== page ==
- Clint Eastwood: 58 low-res scans;
- David Bowie: 124 low-res scans;
- Jack Nicholson: 97 low-res scans;
- Keith Richards: 79 low-res scans; and
- Michael Caine: 141 low-res scans.
Five hundred images were considered, so goodness knows how many we looked at to whittle it done to that. So, quite a trawl of images... carried out by ESQUIRE's amazing photo director Henny Manley. She spent countless hours looking for images that felt unique enough to carry its own cover, but also make all five feel like a set.
Was using archive photos on the covers a hard sell? Was a modern, original shot ever an option?
I'm not sure what you mean by hard sell, as we generally trust our gut and go with that. It usually serves us well. A modern shot was never a consideration. It wouldn't have been as visually cool.
We were pretty happy when the Jack cover arrived at GYM CLASS MAGAZINE HQ. Did you print more of any single cover, or was it an even split?
There was an equal split between the five. No favouritism.
Do you have a favourite?
When it comes to heroes... to be honest... Jack was my fav. And between you and me, I think Bill Murray should have been the sixth. (He's my all-time hero.)
The magazine looks tight... and it feels like you've found your stride after the recent re-design. Are you happy with how it's turning out/developing?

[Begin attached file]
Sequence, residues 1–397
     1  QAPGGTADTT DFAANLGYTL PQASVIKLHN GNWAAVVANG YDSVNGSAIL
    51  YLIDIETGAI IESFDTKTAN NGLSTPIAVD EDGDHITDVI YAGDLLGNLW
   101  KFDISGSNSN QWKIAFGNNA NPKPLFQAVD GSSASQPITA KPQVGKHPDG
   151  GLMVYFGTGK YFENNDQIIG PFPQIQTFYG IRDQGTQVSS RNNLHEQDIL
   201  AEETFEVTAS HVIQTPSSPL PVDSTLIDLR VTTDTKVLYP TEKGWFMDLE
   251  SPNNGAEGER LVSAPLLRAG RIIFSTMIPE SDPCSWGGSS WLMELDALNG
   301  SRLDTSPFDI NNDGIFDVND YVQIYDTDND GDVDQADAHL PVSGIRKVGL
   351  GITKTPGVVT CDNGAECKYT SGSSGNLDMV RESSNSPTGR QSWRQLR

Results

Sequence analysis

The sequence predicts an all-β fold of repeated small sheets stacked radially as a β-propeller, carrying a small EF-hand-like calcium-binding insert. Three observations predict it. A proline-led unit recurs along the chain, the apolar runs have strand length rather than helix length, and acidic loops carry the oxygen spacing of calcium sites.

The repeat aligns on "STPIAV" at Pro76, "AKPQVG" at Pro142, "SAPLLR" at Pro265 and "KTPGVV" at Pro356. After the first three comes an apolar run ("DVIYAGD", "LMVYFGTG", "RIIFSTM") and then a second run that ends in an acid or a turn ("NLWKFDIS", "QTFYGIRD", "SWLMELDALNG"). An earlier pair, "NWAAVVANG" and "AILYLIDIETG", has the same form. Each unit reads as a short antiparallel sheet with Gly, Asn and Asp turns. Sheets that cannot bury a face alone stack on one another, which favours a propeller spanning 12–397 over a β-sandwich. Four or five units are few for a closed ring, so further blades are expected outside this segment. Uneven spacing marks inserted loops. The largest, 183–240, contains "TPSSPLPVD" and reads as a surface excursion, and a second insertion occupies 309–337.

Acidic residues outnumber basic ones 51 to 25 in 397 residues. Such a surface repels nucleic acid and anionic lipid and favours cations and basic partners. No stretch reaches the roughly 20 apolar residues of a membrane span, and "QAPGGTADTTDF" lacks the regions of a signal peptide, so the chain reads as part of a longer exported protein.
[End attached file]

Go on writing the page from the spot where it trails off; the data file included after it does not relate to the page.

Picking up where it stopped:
Yeah, I'm very pleased with how the magazine is developing visually. We are constantly reinventing the look and feel... which is a killer amount to do each month, but really good fun. This month my mighty art director, Nick Millington, introduced a new font, Calibre, for the cover and features section, which is really fresh and has spurred us on even further. More exciting things to come.
Cool. So what can we expect from future issues?
More experimentation visually, for sure. But more importantly... new exciting projects, such as cracking on with with THE BIG BLACK BOOK 2 (ESQUIRES's biannual sister publication) as well as some new exciting projects up our sleeves... so busy times at ESQUIRE.
Exciting! Thanks David. You rock.
No... you rock, boss. Keep up the good work.
What's this? BUTT magazine is looking for a freelance print designer. Interested parties need to be cool with printing and trimming 365 pages... guess the successful candidate will be working on the magazine's 2013 calendar. A-MAZE!
Not so sure banner ads on a website is something to be proud of... but Scott Dadich's first article as Wired editor-in-chief is pretty exciting:
"In the months ahead, we intend to reimagine everything about theWired experience—we’ll revamp our tablet apps, retool our website, reinvigorate the magazine, refresh our conferences, and rethink our approach to the mobile and social web. We’re going to add new features, deliver new reader experiences, and revisit just about every aspect of this storied enterprise. And we’re bringing you with us."